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Little Jumps and Tricks - *Really* Getting Started

post #1 of 18
Thread Starter 
I read the other thread and thought this one may be worth having too (I'm sure I'm not the only one closer to minor hops than debating whether to 360 or 180 !!!!)

So, I'm 36, I've never left the ground (intentionally) whilst skiing :

I've got two weeks in Whistler coming up and one goal is to, err, get some air :

So, what do I do?
post #2 of 18
Quite frankly, even after 27 years of skiing, it takes me a few days on the snow to get my "air sence". Start with little lips work on *4 point take offs and 4 point landings. For the first day or so...just work on that till you get comfortable in the air.

*4 point: skis stright (2 point) and 2 poles planted for launch and landing (the other 2 points).
post #3 of 18
The 360 is a real "Show Stopper" move and a real signature trick that I never learned Skiing two weeks ago with my friend and his two sons age 20 and 22 , I watched the younger son, pull off a neat 360 perfectly landed. His brother's tried next and it turned pretty ugly falling on his chest and shoulder from about 6 feet in the air.

Staring at age 50 and seeing how hard he fell only reinforced I'll croak without having ever done one. I saw a guy on teles jump off the cornice on Ghengis Kahn and throw a 360, I saw him later in the liftline and he looked older than me. I love to see skiers that can throw one in the bumps too.
post #4 of 18
Quote:
Originally Posted by lbt
I read the other thread and thought this one may be worth having too (I'm sure I'm not the only one closer to minor hops than debating whether to 360 or 180 !!!!)

So, I'm 36, I've never left the ground (intentionally) whilst skiing :

I've got two weeks in Whistler coming up and one goal is to, err, get some air :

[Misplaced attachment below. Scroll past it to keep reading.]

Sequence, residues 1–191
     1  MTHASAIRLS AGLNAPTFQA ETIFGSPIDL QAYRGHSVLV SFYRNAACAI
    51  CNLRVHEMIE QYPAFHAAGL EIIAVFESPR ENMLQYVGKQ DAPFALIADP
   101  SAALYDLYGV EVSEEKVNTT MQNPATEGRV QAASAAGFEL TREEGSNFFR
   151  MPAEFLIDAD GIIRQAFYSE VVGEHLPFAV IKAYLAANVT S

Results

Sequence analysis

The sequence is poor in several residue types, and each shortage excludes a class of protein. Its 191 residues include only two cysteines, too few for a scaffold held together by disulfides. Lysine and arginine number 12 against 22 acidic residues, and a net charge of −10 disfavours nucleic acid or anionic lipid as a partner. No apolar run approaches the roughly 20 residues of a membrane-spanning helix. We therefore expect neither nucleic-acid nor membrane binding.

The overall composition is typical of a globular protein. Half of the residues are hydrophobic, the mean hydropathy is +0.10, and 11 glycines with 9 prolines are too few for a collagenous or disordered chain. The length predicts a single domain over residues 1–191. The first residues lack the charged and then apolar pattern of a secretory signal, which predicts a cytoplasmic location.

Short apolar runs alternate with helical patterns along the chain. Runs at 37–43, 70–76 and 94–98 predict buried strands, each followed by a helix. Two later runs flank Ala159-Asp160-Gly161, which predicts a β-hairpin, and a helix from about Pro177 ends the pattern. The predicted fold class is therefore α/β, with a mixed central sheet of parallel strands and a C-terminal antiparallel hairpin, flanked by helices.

So, what do I do?
Take a lesson with Roger Systad or Stephen Brooks ....they both work private lessons at Whistler/Blackcomb....

They can manage to get me to jump they can get you off the ground too...
post #5 of 18
Oh & BTW - I started skiing when I was your age....
post #6 of 18
Thread Starter 
Quote:
Take a lesson with Roger Systad or Stephen Brooks ....they both work private lessons at Whistler/Blackcomb....
OK - having a couple of names is good - ta

I'm already spending a fair bit though - I'm doing the Dave Murray and my wife's got 4 lessons booked so what I wanted to do was get some basic grounding in the techniques, do some groundwork and then get some instruction at the right point.

At this point in my learning I'm expecting jumps to highlight balance issues so I made a balance board a while back (late November) and started practising balance, and recently jumps, on that. I still can't do much more than a couple of inches and still land properly in balance

What I was hoping for is some suggestions as to the kind of terrain to look for, the body positioning on approach, how to launch, timing, landing technique.

How much of the jump height should come from your legs and how much from the terrain? Should I actually start on level ground or is that pointless?

ta
post #7 of 18
I always see skiers, that look pretty good at least, launching off lips and hits and they look fluid.

I always wondered how long it would take me to start doing that.

After buying twin tips and messing around on those, I notice I am launching off of stuff even on my normal carving skis without even thinking twice.

I guess once you feel comfortable in the air you can easily add it into your normal skiing style.

This winter in the East makes it tough to learn jumps with all of the ice and hard landings. I nailed my hip the other week and I wasn't even airborne.
post #8 of 18
If you havn't been in the air before my suggestion would be to find mabey a small jump on the side of the trail, (Preferably not somthing like a double black ) and hit it going whatever speed you are comfortable with that will stilll take you over without stopping probably slower. dont pop just go off of it. then come back to the same place next run, and hit it a little harder. usually the faster you go the higher. but before you hit somthing always check the landing. if it looks bad it probably is bad. it is always harder to land balanced on thinner skis, so bring somthing mid fatish. As you get more confident go faster and then start hopping.
Land on your bindings not to the front or to the back. but preferably tails will hit first unless it is a flat landing then it should ba a on the bindings one